Charlie (Dan Stevens) is an entrepreneur running a business with Mina (Sheila Vand). In the opening scene, we’re given the initial impression that they’re also a romantic couple with a display of casual physical proximity and intimate gazes, but this is quickly dispelled as being nothing more than a very strong platonic connection when it’s established that Mina is actually the girlfriend of Charlie’s brother Josh (Jeremy Allen White). Charlie is married to Michelle (Alison Brie), and this quartet appears to enjoy a pretty close dynamic. Charlie and the two women are ostensibly the level-headed elders of the group, whilst Josh is a troubled hothead attempting to turn his life around, having been recently released from prison for a near-fatal assault.
Having booked a weekend getaway to a remote seafront Airbnb in Oregon, the foursome arrives at the picturesque house to be greeted by the property’s owner, Taylor (Toby Huss). Mina is understandably prickly, given that her application to the property was rejected only an hour before Charlie’s request was accepted, a disparity that she ascribes to her unmistakably Iranian full name. This suggestion of bigotry, along with every other utterance or gesture from the group, is met with barely concealed hostility from Taylor. A strangely unfriendly and passive-aggressive man, Taylor appears to take an instant dislike to our central four, responding to their questions and comments with a brusque, deadpan defensiveness before unceremoniously driving off. A little unsettled at this encounter, the group filter inside and do their damnedest to unwind.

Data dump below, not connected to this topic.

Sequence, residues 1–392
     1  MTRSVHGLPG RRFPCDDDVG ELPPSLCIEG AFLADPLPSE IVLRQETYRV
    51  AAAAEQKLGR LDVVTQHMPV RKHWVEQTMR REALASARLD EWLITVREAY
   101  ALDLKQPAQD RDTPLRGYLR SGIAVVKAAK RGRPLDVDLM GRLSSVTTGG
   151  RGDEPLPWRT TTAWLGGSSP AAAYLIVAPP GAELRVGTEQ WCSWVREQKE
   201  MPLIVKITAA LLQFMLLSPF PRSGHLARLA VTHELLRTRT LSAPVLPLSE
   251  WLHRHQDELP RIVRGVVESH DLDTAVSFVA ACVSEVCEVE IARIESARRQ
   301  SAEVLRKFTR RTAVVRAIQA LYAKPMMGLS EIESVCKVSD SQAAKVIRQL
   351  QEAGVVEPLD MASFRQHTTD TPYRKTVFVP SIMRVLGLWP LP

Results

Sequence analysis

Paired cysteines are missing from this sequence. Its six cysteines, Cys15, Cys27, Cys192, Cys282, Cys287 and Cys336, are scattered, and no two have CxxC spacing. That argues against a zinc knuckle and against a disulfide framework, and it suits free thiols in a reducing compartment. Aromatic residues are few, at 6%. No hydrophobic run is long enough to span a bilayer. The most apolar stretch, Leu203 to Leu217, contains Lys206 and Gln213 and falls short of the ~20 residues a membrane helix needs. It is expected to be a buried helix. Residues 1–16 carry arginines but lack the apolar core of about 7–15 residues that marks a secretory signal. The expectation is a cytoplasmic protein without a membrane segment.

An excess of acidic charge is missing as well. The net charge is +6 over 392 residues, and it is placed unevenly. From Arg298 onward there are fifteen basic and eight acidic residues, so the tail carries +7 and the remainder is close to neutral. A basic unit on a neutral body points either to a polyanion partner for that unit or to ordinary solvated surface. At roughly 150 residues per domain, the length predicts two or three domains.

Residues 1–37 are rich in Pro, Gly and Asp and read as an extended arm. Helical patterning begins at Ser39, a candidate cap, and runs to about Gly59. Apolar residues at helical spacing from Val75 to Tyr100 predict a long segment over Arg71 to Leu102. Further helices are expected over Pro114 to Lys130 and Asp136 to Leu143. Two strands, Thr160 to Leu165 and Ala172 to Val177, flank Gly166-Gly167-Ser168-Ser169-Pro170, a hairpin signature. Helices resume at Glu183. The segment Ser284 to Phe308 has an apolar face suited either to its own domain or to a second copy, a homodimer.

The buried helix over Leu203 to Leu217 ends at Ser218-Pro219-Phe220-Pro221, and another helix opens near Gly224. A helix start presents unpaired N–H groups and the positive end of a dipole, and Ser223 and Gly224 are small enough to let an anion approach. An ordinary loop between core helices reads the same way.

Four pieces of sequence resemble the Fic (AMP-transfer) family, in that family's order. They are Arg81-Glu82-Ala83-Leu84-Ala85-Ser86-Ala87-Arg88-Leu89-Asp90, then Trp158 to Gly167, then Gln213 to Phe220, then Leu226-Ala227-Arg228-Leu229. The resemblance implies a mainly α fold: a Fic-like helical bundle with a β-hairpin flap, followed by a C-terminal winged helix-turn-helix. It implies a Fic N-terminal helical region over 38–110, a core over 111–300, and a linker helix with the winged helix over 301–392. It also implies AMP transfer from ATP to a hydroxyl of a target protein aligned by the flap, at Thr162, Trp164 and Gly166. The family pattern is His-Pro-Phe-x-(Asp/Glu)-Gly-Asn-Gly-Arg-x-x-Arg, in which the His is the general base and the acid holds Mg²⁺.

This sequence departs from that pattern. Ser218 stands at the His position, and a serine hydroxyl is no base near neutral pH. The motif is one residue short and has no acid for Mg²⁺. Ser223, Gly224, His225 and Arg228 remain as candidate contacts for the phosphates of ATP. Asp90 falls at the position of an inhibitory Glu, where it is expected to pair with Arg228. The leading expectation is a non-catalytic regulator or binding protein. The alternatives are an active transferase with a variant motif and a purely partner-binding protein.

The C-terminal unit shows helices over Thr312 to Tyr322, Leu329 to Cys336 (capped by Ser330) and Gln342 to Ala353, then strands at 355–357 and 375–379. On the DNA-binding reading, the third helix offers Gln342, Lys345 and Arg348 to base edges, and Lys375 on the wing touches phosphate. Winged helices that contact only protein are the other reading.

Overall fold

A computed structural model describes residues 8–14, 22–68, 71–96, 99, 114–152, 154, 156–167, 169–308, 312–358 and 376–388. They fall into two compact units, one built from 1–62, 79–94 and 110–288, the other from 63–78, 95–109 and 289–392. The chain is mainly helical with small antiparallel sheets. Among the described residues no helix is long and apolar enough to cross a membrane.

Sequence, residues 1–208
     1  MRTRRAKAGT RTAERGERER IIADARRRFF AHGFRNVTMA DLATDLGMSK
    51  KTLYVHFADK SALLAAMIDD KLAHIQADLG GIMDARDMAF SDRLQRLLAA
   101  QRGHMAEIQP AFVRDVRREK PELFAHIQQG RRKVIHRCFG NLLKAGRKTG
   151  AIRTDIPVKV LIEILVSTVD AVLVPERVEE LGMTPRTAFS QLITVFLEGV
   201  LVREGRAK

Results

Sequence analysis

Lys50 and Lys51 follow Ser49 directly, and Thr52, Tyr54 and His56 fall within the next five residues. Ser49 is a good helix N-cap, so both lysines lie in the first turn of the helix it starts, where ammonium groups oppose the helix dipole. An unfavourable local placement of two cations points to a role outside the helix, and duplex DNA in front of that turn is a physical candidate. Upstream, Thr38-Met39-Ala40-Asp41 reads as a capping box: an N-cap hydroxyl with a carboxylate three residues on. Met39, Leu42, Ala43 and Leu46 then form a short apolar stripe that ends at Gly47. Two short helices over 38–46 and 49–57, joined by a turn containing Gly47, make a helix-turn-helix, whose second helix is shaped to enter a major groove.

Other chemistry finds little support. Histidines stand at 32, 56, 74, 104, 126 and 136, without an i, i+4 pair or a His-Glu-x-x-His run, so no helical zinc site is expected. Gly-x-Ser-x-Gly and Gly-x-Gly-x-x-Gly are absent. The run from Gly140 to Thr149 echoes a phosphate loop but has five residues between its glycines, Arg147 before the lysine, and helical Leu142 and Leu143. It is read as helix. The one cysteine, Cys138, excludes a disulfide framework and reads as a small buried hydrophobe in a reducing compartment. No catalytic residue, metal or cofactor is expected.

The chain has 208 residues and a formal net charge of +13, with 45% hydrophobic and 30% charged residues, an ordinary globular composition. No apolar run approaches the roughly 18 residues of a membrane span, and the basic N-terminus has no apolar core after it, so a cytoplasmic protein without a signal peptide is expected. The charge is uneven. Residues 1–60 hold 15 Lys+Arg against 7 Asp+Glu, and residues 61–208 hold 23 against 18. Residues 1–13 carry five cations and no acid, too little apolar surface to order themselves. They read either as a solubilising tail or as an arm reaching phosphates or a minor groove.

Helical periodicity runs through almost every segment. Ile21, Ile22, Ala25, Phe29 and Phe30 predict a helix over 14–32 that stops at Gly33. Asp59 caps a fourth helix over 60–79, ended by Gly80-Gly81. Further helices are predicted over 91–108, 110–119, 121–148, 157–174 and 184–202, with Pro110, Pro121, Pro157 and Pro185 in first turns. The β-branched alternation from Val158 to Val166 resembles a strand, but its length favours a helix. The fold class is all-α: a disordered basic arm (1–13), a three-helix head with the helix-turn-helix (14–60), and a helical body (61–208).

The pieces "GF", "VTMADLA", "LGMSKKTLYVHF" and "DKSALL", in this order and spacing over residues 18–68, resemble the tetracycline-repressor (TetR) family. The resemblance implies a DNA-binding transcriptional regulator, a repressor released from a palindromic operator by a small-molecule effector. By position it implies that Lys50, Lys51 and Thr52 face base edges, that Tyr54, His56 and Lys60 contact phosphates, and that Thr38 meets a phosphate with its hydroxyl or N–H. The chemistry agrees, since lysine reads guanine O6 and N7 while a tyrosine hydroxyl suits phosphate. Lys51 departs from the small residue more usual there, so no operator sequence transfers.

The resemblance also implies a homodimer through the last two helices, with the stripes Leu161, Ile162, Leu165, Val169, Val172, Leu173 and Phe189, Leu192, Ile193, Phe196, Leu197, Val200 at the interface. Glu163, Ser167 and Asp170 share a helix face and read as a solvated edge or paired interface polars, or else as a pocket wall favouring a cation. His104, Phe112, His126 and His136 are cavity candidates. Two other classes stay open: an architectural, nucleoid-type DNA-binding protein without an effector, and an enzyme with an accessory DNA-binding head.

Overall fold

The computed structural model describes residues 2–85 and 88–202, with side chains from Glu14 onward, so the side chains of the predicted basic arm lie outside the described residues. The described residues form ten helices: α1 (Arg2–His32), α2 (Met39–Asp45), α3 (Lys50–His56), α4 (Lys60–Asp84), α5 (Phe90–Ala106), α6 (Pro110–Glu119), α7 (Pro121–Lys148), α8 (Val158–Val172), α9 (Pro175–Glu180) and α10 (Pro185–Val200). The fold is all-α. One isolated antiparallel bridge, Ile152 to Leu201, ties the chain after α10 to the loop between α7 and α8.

After some banter, a leisurely beach stroll and getting annihilated on booze and MDMA, we begin to get a clearer picture of the fact that there’s a couple of things rotten in the state of Denmark. Charlie isn’t the perfectly agreeable gentleman that we initially take him for, secretively having a few problems with the concept of monogamy. If this isn’t bad enough, his libido has turned its attention toward Mina, her selfish reciprocation of his lust generating painful empathy for poor Josh and Michelle, two loyal and genuine people excited to be away with their loved ones. With a newfound self-disgust to deal with in light of their hidden peccadilloes, Charlie and Mina’s shameful reticence begins to sour the atmosphere, creating an effectively uncomfortable element of domestic drama that is suspenseful in its own right. Convincing performances and several close calls make one squirm in anticipation of the tumult that is certain to occur. But, just when it looks like this will be a tale of dysfunction and betrayal with a strangely disquieting and arty aesthetic, things get weirder. Far, far weirder.